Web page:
No liver transplant? No problem. The Peltz lab at Stanford University is paving the way for liver therapies that use liver cells generated from a patient’s fat cells.
By Alisha Jain | UTS Staff Writer | SQ Online (2013-14)
What if there was no need for liver organ donors? Researchers at the Stanford University School of Medicine have found a way to synthesize liver cells from fat cells extracted from the human body. In the future, doctors may make a liver out of each patient’s own fat cells, eliminating both the need for a donor and the complication of rejection by the body.
In many cases, the waiting time for an organ transplant may mean the difference between life and death. The median wait time for a liver donor organ, according to the US Department of Health & Human Resources, is 141 days. Additionally, a new study funded in part by the NIH (National Institutes of Health) found that the utility of donor liver organs are worsening: the quality of donor liver organs marginally outweighs the quality of the organ being replaced.
A recent study conducted at the Stanford University School of Medicine in the Gary Peltz Lab has succeeded in turning adipose (fat) stem cells into liver cells, generating huge potential for regenerative medicine and possibly eliminating the need liver transplants.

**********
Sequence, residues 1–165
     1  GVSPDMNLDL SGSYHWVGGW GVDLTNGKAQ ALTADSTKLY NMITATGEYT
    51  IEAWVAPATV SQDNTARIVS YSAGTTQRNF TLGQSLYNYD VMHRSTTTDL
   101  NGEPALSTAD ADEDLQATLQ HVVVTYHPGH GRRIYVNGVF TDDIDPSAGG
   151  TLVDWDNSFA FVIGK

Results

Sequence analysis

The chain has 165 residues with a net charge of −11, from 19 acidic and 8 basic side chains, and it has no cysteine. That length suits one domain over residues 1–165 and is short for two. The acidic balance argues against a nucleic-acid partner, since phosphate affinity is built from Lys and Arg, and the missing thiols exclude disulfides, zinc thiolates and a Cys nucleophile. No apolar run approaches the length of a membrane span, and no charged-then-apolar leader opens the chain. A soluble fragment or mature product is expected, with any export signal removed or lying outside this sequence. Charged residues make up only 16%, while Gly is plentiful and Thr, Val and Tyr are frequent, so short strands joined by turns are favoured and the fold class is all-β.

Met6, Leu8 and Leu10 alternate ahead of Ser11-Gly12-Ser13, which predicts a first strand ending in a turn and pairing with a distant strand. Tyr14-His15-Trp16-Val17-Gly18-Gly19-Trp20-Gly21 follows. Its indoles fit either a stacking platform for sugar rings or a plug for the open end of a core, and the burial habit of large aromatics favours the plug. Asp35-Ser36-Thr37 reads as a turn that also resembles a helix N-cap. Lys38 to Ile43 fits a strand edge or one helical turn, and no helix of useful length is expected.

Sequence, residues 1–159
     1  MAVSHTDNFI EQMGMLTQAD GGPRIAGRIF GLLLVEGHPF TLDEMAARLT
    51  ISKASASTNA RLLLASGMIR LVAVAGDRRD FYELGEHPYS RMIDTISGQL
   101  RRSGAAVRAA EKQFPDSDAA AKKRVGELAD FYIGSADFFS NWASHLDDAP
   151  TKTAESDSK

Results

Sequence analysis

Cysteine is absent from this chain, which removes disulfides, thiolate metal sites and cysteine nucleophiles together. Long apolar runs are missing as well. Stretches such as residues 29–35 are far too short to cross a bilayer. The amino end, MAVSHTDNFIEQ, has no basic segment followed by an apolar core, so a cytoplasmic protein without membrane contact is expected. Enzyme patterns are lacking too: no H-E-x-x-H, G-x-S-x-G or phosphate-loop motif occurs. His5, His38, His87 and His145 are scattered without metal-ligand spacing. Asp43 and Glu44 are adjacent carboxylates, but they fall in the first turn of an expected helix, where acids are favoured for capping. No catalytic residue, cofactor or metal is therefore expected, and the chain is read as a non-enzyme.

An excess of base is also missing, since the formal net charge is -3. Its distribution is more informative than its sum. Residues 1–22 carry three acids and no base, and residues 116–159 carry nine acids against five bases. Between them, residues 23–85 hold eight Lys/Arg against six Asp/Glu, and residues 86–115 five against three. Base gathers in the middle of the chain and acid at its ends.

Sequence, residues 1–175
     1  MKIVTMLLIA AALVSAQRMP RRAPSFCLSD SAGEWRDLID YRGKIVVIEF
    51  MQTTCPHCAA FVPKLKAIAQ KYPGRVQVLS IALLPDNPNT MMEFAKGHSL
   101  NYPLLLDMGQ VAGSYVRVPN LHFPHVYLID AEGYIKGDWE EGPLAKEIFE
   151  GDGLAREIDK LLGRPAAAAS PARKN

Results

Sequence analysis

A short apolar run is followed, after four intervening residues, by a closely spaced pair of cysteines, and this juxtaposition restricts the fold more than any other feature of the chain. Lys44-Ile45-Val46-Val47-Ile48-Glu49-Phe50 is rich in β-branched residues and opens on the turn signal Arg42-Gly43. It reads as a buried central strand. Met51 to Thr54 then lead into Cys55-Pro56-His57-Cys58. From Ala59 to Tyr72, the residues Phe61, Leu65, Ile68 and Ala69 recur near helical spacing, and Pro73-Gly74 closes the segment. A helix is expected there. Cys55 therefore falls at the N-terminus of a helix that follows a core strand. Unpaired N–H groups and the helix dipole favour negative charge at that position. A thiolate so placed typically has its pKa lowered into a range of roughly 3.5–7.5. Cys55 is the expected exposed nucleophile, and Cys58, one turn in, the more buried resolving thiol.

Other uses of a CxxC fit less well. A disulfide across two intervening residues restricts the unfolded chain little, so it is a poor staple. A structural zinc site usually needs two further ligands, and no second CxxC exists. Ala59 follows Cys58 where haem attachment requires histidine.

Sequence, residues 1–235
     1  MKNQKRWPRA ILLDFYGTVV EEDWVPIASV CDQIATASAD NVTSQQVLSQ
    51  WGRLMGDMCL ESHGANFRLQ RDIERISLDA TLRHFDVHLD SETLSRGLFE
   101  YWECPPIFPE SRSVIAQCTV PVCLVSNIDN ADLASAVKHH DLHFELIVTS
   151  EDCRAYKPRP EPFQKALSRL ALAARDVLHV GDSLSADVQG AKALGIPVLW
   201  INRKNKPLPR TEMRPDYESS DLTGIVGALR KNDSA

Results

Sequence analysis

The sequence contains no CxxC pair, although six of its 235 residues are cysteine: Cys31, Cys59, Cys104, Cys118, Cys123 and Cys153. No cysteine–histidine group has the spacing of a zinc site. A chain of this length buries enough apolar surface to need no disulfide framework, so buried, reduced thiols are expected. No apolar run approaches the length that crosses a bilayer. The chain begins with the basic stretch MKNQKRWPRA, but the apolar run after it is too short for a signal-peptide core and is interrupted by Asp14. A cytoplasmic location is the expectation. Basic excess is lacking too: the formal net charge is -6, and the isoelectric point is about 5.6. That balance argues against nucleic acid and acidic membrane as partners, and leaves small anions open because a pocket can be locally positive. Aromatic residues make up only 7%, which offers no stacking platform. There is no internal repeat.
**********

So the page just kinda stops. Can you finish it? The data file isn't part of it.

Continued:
Simple adipose stem cells, or yellow fat cells, have been converted into liver cells using a process called i-Heps, but this method requires a 30-day waiting period and potentially too little product. Another process in the works is the iPS, or induced pluripotent stem cell method. Researchers can take specialized cells and revert them back to their pluripotent stage. But working with induced pluripotent stem cells (iPS cells) takes even longer.
Stanford’s new study has found a different method that takes less time and generates more liver cells in the process. The process takes nine days, a speedier turnaround than traditional methods for liver-poisoning victims seeking transplantation.
To begin this procedure, adipose cells are acquired from liposuction treatment, or the extraction of fat (yellow) cells from the patient’s body. Peltz and his team use what he calls “spherical culture” to convert the fat to liver cells by bathing the adipose cells in a liquid suspension in which they generate spheroids.
The new fat-to-liver cell method could serve as a substitute for human liver transplant, reducing both risks of rejection by a foreign donor organ and organ waiting time. Therapies can use a patient’s own adipose cells, convert them, and inject these samples back as liver cells. The new process could be ready for Phase 3 clinical trials in just a few years, and the lab has already filed a patent for hepatocyte induction through “spherical culture.”
When a patient needs a new liver, they soon may not have to wait in line for an organ. No longer will patients need to play and wait for a liver organ donation; they can already generate the cells needed to heal their liver.